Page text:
At its heart, GDPR makes organisations and businesses which collect and process personal information more accountable and responsible for multiple aspects of handling data, including:

  • Protection
  • Storage
  • Usage
  • Processing
  • Sharing

Data privacy and recruitment

In the shape of CVs containing educational and employment histories, qualifications and accreditations and copies of passports and driving licenses, recruitment firms hold some of our most important personal details. Add in the results of psych tests or other selection methodologies, and it is likely the majority of individuals would want to see very high standards of data security in place. Indeed, perhaps the only data that many would attach a higher privacy value to would be financial information, including access to accounts and medical histories.

Image information such as CCTV footage, and biometric data such as fingerprints and DNA enable individuals to be recognised; widespread use of iris and retina scan identification may be the stuff of sci-fi, but it is unlikely to remain so forever. The whole issue of privacy is set to intensify in line with the mushrooming of data and the need for security.

When a candidate or a contractor applies for a role, inevitably, at some stage in the selection process, personal information is shared. Once shared, what protocols govern how the organisation or business that receives the data protects, stores, uses, processes and shares the data?

Where is the UK recruitment sector on GDPR?

To gauge the level of preparedness across the UK recruitment sector in relation to GDPR, we conducted two short online surveys. Firstly, to get the view from the inside, one survey was aimed at recruitment firms. Secondly, to get the view from some of those closest to the issues, we surveyed contractors and temps.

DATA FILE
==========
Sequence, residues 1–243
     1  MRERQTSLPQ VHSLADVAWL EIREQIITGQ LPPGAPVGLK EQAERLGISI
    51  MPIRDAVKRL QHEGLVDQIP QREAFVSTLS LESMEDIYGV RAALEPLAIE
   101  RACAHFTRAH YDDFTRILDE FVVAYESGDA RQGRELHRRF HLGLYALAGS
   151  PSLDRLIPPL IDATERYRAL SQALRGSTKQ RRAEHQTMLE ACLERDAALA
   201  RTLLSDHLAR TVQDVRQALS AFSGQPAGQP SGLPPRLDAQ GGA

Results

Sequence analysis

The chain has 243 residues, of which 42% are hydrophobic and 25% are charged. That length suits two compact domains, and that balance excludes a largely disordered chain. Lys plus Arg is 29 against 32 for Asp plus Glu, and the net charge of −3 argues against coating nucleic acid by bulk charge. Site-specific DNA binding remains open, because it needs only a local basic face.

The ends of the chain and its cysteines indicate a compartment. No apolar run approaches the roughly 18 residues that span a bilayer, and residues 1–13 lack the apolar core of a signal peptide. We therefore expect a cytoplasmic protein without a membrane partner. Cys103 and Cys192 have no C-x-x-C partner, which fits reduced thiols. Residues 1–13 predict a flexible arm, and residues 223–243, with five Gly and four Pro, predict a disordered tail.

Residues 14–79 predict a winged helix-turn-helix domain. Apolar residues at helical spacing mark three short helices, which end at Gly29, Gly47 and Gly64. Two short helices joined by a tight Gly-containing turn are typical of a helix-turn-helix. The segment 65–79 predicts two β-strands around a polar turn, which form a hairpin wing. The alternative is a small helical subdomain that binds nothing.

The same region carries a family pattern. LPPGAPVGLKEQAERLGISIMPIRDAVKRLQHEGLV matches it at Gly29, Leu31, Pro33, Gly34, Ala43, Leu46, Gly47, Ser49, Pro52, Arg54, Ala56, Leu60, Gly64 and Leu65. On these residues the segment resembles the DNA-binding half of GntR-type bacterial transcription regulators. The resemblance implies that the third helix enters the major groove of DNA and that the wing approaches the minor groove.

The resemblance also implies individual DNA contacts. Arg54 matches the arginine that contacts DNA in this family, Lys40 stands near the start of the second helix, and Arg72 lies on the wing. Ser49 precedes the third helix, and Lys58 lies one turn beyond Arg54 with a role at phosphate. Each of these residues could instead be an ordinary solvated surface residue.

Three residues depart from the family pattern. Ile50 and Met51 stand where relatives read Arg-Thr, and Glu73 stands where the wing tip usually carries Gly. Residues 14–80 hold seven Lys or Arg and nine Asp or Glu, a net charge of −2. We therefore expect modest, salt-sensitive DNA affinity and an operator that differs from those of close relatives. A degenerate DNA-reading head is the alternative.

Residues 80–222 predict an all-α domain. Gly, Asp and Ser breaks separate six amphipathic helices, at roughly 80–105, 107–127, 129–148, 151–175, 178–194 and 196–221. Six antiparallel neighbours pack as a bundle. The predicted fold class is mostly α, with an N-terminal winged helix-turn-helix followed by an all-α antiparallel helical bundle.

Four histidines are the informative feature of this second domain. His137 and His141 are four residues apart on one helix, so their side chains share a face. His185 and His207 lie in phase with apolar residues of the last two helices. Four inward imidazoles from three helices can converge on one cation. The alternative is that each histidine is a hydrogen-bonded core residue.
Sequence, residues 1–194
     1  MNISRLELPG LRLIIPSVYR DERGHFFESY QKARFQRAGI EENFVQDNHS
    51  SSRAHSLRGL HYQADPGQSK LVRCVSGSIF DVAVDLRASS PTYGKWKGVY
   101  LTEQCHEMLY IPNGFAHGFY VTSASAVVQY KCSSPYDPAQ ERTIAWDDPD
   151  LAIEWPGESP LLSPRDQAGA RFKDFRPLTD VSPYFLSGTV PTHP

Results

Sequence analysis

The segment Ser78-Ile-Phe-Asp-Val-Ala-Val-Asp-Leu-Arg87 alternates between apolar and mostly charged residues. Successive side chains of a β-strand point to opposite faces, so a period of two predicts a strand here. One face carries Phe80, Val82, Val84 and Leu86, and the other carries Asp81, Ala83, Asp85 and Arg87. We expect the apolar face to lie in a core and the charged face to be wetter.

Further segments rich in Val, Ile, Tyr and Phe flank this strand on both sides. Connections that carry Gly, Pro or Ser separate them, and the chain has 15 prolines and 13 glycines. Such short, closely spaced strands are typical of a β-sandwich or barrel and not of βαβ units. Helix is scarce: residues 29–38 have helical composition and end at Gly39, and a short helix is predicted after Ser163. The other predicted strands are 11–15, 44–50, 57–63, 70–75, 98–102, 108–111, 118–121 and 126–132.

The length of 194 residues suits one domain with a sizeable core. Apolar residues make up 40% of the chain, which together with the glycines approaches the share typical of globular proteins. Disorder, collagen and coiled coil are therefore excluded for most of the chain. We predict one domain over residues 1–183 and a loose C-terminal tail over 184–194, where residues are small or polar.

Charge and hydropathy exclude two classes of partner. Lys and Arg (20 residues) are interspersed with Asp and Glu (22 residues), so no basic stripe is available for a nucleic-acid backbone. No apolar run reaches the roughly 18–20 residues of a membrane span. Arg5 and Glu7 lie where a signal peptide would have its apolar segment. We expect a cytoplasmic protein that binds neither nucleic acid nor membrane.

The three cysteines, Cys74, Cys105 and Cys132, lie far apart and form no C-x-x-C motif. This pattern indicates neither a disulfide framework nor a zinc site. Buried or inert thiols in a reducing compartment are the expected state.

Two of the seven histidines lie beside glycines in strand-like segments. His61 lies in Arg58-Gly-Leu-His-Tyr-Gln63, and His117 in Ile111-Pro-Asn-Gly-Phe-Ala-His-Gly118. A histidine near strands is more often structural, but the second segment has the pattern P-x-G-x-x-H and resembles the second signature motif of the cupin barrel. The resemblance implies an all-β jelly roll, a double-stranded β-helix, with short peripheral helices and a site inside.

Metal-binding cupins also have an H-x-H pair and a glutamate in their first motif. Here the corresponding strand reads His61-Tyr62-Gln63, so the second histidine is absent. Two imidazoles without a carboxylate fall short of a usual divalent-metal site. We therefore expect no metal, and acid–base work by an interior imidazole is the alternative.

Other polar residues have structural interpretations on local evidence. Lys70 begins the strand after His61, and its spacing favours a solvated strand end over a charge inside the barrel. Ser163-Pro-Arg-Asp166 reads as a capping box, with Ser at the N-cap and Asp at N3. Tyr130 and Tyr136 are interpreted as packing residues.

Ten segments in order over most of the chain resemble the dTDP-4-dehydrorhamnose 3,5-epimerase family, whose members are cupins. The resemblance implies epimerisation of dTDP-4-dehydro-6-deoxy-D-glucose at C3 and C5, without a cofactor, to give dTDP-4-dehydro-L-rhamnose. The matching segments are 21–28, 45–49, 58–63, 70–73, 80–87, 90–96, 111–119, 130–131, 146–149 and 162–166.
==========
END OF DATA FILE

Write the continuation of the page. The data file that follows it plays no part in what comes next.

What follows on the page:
ETZ Recruitment Agency Survey

Recruitment Agency Data Security Survey

91% Yes - 9% No

1. Have you heard of the GDPR (General Data Protection Regulation)?

82% Yes - 18% No

2. Do you have a good understanding of the importance, if any, of GDPR for recruitment agencies?

85% Yes - 15% No

3. Does your agency have in place an IT or information security policy?

88% Yes - 12% No

4. Do you control access by agency staff to CV and candidate contact data using secure passwords or other security measures?

88% Yes - 12% No

5. Do you engage with 3rd party firms, such as clients, on the assumption that IT security, confidentiality and privacy is a primary consideration?

88% Yes - 12% No

6. Do you use IT service providers to look after any of your systems, or software vendors to provide cloud applications, such as an Applicant Tracking System, ATS?

97% Yes - 3% No

7. Does your agency have in place an IT or information security policy?

16% Yes - 84% No

8. Do you control access by agency staff to CV and candidate contact data using secure passwords or other security measures?

3% Yes - 97% No

9. Do you engage with 3rd party firms, such as clients, on the assumption that IT security, confidentiality and privacy is a primary consideration?

6% Yes - 94% No

10. Do you use IT service providers to look after any of your systems, or software vendors to provide cloud applications, such as an Applicant Tracking System, ATS?

Key findings from agency responses

  • There is a significant gap in understanding about the need to prepare for GDPR
    • There is good awareness of GDPR (90%). However, with 19% not understanding the importance of GDPR for recruitment agencies, there is still a lot of work to be done.
    • Recruitment industry bodies and trade associations should do more to close the gap and help agencies get up to speed.
  • There is a strong culture of responsibility and data security best practice is widespread
    • With 84% having a policy based approach to IT and/or data security and 87% using passwords or other methods to control access, best practice for data security is a strong trend within the recruitment sector.
    • GDPR is set to improve this.
  • Attitudes to data security and privacy are generally good